Yes, that would be what I'd suggest for the OP, a parabolic dish for higher gain.

  11. #11
    Join Date
    Aug 2017
    Posts
    15
    Feedback Score
    0
    Yes, the 11dBi is marketing and clearly noted as "max" or "peak". They specify what to expect for the different frequency bands, including a graph, in their tech spec.

    PeakGain @ different bands:
    9dBi @ 690-960MHz
    10dBi @ 1710-2700MHz
    11dBi @3400-3800MHz


    I don't do eBay, and don't remember what I paid for my parabolic grid, but these folks want $250 for theirs:

    https://excel-wireless.com/product/6...dbi-to-26-dbi/

    Even if the OP goes with Wilson, they're probably going to spend anywhere from $150 to $200 if they go with at least two antennas.

  12. #12
    Join Date
    Oct 2015
    Posts
    1,060
    Feedback Score
    0
    For comparison purposes, here is the spec sheet for the common Wilson wideband yagi 314411:

    https://assets.wilsonelectronics.com...Spec-Sheet.pdf

    Poynting's 11dBi claim is just polite fiction, as it pertains to the 3.x GHz range which isn't yet allocated in the US, let alone built out. As you point out, the rest is 9 or 10dBi, which also are "marketing" as peak gain isn't as relevant as average gain. Then again, we can also say the same with the Wilson's 10dBi number. I find the avg gain on the Wilson, 5.2 for the low-band (which is what we're talking about for long-haul reception), more relevant.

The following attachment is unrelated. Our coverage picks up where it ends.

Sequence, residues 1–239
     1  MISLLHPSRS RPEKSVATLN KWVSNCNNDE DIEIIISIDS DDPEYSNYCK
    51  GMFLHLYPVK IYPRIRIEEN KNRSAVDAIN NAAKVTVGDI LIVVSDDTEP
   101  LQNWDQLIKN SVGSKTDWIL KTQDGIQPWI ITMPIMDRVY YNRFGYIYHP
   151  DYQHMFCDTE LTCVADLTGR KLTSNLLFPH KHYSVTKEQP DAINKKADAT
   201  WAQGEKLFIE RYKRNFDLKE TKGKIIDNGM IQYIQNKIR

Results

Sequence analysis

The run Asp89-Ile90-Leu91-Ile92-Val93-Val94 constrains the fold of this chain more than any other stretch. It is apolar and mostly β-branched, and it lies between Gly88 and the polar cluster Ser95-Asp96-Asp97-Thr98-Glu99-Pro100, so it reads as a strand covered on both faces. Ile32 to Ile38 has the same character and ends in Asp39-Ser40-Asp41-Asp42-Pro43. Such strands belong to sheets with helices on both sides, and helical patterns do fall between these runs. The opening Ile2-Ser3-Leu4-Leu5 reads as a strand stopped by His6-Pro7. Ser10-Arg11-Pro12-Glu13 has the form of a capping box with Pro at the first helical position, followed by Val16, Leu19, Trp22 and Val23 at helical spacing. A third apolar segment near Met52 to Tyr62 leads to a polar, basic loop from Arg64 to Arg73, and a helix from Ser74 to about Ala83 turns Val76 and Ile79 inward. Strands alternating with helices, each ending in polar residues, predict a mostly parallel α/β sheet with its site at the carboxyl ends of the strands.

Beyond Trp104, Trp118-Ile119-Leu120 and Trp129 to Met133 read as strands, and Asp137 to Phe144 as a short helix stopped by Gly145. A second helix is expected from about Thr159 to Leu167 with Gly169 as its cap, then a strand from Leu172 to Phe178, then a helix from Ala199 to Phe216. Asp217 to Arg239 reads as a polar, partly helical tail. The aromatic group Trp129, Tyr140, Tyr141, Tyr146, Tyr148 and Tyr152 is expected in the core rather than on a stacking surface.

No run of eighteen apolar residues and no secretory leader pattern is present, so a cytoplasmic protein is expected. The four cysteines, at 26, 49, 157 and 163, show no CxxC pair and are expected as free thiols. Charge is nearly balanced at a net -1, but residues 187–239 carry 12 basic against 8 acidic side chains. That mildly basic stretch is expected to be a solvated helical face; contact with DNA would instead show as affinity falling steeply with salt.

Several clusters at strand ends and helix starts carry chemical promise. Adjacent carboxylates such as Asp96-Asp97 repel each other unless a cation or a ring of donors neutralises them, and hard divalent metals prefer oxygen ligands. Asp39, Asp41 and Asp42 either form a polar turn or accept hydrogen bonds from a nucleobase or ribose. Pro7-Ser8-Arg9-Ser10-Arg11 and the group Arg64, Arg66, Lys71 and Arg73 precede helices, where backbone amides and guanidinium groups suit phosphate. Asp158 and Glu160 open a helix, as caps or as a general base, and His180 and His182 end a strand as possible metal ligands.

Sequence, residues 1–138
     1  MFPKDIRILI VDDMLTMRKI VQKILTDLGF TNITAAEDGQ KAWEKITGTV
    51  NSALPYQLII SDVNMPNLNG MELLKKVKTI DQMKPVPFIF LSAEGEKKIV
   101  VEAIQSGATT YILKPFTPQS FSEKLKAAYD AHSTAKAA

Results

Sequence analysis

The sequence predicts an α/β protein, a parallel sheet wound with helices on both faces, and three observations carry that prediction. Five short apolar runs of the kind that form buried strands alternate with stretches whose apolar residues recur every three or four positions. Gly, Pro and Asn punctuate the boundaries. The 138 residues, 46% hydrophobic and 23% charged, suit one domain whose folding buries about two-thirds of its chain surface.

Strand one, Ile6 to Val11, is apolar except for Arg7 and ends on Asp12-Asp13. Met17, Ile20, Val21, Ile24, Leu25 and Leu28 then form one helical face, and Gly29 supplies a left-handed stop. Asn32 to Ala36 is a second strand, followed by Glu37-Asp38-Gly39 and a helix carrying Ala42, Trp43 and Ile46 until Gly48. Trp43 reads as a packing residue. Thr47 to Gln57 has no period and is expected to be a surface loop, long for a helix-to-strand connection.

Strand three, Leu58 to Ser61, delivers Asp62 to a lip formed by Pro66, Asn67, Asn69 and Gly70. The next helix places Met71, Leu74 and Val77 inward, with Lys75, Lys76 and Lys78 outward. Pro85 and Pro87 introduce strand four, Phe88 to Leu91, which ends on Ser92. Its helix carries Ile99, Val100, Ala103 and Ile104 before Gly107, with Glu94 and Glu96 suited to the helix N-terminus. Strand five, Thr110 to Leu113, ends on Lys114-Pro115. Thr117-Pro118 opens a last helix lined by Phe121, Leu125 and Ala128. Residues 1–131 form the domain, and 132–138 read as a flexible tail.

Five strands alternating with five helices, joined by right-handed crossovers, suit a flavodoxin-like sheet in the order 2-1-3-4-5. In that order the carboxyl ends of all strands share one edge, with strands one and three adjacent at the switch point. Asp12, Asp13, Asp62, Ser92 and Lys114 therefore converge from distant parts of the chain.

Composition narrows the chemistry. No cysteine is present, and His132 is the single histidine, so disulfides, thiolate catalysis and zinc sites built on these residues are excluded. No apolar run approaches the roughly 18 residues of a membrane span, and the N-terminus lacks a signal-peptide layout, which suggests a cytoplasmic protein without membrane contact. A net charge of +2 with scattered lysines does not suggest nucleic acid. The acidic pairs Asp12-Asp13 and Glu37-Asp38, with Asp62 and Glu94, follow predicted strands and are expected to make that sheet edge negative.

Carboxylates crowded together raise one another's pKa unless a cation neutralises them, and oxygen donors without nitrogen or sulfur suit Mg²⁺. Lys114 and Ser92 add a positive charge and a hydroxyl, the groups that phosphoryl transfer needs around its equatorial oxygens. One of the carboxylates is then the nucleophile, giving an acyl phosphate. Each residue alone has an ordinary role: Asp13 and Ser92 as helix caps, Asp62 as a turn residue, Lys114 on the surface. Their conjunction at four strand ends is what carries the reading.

The difference is that the Wilson is pretty much an industry standard, and is sold on B&H for $50. Used on eBay it's around ~$30. It's a V-pol ant and not X-pol, but for long-distance use with a single input source, X-pol won't be any better. X-pol is good for indoors or in dense urban env with lots of things around that can reflect signals.

    To sum, there isn't much difference between the two antennas, but there's a big difference in retail prices, $50 vs $183, more if you go the eBay route. This is if you believe the specs are real. I find the Wilson's more credible, because they're widely used and have been around a long time. I find Poynting's marketing glossies with its claim of "advanced meta-material" as just BS.

    https://www.bhphotovideo.com/c/produ..._wb.html/specs

  13. #13
    Join Date
    Aug 2017
    Posts
    15